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Some questions about injuries to all of our ballet dancers.

1- Even with the advancements in surgical and medical techniques, what injury have you noticed and/or experienced that is the most difficult to come back from?? ACL? Back? Archilles?

2-I am not a dancer, but I know that message therapy is one of the ways dancers try to keep going, in regards to "nagging" injuries. Is it pretty effective??

3- I know that lifting weights per say has been a no-no traditionally to strengthen up. Is it still frowned upon.

I am not a dancer, but whenever a dancer I know about gets injured, I really get upset because you guys work so hard. And it is such a short career. :(

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Fandeballetl, RE your third question. Here's a recent article from dance-teacher.com that supports strength training as a part of dancer conditioning.

There's no reference to the special needs of truly elderly dancers, but I found that -- after starting ballet classes at over 60 -- my past few years in the gym were of great help in negotiating plies, battements, all kinds of jumps, etc., etc., not to mention the need to control for balance, poise, etc.

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Injuries are, sadly, an ever-present reality in a dancer's life. It's rare for a dancer to be 100% healthy. I've heard dancers say that if they wake up in the morning feeling completely well, something's wrong!

I think it's interesting for us as audience members to understand more about this. Those who know, please chime in. Is there, as fandeballet asked, a particular kind of injury that is the worst of all, or does it depend on the dancer?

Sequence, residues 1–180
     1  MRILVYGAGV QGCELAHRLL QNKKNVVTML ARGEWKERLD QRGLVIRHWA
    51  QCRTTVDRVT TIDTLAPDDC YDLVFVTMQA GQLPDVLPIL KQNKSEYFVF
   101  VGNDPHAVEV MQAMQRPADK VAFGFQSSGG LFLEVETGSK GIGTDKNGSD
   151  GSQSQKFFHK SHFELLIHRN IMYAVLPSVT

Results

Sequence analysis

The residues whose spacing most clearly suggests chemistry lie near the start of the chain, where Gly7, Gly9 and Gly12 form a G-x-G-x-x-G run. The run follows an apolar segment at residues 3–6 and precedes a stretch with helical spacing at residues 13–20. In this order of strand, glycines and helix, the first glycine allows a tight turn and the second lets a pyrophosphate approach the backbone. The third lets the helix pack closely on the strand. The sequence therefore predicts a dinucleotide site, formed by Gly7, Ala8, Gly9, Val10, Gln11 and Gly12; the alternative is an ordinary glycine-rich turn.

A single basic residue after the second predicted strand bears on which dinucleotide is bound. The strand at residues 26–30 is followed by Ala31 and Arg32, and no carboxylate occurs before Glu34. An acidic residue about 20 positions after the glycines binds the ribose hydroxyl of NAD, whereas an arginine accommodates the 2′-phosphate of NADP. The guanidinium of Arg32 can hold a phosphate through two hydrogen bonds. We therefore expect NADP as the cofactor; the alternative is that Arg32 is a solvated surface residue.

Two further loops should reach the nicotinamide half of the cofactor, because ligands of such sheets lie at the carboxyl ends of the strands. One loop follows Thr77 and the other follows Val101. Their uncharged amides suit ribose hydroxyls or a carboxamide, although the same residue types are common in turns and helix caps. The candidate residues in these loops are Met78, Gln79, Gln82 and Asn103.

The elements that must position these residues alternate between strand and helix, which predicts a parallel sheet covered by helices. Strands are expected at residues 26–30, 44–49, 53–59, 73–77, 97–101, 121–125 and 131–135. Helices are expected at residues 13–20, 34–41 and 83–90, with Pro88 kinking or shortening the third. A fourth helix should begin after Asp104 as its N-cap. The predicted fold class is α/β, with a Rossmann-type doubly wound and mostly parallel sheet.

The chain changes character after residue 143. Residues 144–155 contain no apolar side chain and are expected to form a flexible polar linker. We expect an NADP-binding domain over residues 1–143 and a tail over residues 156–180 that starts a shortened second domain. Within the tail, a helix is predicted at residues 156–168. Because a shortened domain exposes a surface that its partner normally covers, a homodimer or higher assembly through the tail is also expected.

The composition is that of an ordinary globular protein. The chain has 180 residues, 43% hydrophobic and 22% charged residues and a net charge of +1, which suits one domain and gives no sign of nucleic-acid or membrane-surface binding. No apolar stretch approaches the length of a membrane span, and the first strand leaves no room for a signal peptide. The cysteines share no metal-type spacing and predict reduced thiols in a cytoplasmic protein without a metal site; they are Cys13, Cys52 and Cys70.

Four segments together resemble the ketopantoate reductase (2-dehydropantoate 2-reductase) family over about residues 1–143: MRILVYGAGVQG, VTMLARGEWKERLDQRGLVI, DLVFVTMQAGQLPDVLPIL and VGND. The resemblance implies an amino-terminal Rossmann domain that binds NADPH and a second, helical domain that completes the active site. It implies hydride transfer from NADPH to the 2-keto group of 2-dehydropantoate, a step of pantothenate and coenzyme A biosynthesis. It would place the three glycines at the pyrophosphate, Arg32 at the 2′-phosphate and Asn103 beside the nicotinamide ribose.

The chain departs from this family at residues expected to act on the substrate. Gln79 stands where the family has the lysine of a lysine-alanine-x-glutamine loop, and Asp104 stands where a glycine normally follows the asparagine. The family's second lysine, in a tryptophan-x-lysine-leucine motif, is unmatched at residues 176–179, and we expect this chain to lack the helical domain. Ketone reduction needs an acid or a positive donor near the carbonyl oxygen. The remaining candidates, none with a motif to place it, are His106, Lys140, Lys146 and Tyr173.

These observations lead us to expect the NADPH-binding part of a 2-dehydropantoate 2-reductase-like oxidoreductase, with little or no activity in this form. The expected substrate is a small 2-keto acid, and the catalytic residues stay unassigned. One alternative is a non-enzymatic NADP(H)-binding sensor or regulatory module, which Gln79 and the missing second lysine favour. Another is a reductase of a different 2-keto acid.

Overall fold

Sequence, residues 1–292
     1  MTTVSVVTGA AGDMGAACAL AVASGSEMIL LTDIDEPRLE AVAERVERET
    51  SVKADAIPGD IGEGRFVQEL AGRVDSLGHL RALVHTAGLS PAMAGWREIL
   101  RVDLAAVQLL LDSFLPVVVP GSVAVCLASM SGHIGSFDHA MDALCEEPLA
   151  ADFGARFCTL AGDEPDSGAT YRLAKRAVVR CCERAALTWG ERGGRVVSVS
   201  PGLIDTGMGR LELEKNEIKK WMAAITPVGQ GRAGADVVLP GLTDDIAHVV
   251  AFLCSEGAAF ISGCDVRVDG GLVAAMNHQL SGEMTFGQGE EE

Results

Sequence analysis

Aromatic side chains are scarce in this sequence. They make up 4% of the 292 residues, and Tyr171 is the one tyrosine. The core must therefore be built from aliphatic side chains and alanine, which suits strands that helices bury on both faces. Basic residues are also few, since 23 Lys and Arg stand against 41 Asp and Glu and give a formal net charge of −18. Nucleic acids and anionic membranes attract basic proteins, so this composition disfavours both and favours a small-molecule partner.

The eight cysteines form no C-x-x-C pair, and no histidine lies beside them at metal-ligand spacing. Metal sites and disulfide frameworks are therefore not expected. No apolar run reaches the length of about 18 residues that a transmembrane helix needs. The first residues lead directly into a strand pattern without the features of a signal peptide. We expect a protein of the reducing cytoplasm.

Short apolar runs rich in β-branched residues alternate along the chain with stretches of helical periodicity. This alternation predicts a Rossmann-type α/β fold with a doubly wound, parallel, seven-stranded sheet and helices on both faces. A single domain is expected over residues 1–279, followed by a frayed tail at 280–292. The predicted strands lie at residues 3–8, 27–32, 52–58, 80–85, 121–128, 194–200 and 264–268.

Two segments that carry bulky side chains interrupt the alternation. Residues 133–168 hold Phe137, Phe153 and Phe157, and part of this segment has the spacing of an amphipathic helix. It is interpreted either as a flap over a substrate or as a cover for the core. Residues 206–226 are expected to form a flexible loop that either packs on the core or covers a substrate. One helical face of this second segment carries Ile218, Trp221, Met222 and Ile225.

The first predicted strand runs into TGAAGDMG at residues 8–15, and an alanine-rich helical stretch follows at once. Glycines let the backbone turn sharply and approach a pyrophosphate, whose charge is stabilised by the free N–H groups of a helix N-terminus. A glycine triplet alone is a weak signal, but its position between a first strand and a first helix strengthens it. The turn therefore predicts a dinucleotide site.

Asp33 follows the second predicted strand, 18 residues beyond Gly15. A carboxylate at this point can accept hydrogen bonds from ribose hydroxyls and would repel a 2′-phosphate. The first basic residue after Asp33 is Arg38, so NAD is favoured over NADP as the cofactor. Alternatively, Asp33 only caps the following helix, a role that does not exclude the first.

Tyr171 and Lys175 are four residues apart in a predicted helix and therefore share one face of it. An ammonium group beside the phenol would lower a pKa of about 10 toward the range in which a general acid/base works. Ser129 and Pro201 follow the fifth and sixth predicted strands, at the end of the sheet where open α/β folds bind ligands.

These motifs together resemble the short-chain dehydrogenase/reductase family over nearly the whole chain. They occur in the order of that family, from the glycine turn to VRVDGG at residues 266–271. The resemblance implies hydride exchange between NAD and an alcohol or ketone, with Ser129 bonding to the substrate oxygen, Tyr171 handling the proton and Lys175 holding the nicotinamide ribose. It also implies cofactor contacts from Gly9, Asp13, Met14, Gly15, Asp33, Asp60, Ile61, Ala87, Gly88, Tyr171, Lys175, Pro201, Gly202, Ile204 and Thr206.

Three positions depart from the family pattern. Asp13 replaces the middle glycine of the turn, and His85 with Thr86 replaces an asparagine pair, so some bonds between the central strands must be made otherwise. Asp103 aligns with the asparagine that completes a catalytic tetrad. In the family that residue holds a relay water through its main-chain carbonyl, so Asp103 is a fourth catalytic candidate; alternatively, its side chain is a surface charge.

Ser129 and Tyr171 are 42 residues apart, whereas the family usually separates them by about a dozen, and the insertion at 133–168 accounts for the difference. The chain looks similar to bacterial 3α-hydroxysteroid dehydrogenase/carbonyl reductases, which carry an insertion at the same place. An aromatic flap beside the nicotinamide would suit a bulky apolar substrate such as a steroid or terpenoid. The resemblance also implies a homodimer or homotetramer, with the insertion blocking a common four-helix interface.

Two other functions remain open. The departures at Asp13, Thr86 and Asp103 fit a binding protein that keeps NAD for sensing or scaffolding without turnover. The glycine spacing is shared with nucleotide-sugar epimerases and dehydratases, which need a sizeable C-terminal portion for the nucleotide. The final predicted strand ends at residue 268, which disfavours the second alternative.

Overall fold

Regarding weight lifting, I remember reading in Peter Martins's autobiography that he embarked on a course of weight lifting as a very young corps member when his partner complained (he used a stronger word :( ) that he couldn't lift and support her properly.

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In post-performance Q&A's at PNB, several male dancers have noted that they do weight training. However, weight training technique has advanced in the last couple of decades, as have the machines, and many of the major companies have professional trainers, conditioning coaches, physical trainers, etc. on staff or on consult.

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The problem previously with weight training was that there were very few trainers who worked with dancers and knew anything much about what was required of dancers, male or female, and how weight training could be adapted to help. Many dancers today use Pilates for supplementary training. Gyrotonics is also popular. Surprisingly, therapists have noticed a low incidence of ACL injury in ballet dancers - many credit the turnout. Same goes for back injuries. Considering all our activity, back injury is rather infrequent. Achilles' tendon injury is the most common thing among most dancers, male and female alike. The dancers' observation on Murphy's Law is: Murphy invented the Achilles' tendon.

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from experience, as i've mentioned in my Welcome, my back is [for 3 yrs] what I'm still trying to come back from. IMO I think it's one of the hardest b/c the doctors can't technically see what or where the problems are, even from MRIs, etc.

One doctor could find a problem but it could end up that that's not the root of the pain. It may just be muscular pain.

I think massage would only help in certain cases like muscle spasms. Yet, too much massage could just aggravate the problem more.

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